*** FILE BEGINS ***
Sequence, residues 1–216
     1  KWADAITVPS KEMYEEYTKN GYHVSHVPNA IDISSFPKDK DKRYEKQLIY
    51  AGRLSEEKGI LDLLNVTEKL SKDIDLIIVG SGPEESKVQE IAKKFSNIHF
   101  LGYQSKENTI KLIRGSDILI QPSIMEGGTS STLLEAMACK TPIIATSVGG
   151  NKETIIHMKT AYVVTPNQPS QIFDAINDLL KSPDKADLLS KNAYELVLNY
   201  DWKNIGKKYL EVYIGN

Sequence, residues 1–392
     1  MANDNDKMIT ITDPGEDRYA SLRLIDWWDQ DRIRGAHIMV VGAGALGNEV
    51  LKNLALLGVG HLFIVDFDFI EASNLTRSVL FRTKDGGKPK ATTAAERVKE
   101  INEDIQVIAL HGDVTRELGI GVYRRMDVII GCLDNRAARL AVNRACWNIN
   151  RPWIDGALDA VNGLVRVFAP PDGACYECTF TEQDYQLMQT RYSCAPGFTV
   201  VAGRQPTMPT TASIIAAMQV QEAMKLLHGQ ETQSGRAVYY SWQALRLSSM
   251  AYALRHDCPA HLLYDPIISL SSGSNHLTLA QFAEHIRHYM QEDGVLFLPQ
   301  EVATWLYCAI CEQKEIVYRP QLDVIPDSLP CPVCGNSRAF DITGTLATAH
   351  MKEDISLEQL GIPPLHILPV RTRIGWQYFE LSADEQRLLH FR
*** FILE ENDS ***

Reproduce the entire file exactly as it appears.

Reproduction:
Sequence, residues 1–216
     1  KWADAITVPS KEMYEEYTKN GYHVSHVPNA IDISSFPKDK DKRYEKQLIY
    51  AGRLSEEKGI LDLLNVTEKL SKDIDLIIVG SGPEESKVQE IAKKFSNIHF
   101  LGYQSKENTI KLIRGSDILI QPSIMEGGTS STLLEAMACK TPIIATSVGG
   151  NKETIIHMKT AYVVTPNQPS QIFDAINDLL KSPDKADLLS KNAYELVLNY
   201  DWKNIGKKYL EVYIGN

Sequence, residues 1–392
     1  MANDNDKMIT ITDPGEDRYA SLRLIDWWDQ DRIRGAHIMV VGAGALGNEV
    51  LKNLALLGVG HLFIVDFDFI EASNLTRSVL FRTKDGGKPK ATTAAERVKE
   101  INEDIQVIAL HGDVTRELGI GVYRRMDVII GCLDNRAARL AVNRACWNIN
   151  RPWIDGALDA VNGLVRVFAP PDGACYECTF TEQDYQLMQT RYSCAPGFTV
   201  VAGRQPTMPT TASIIAAMQV QEAMKLLHGQ ETQSGRAVYY SWQALRLSSM
   251  AYALRHDCPA HLLYDPIISL SSGSNHLTLA QFAEHIRHYM QEDGVLFLPQ
   301  EVATWLYCAI CEQKEIVYRP QLDVIPDSLP CPVCGNSRAF DITGTLATAH
   351  MKEDISLEQL GIPPLHILPV RTRIGWQYFE LSADEQRLLH FR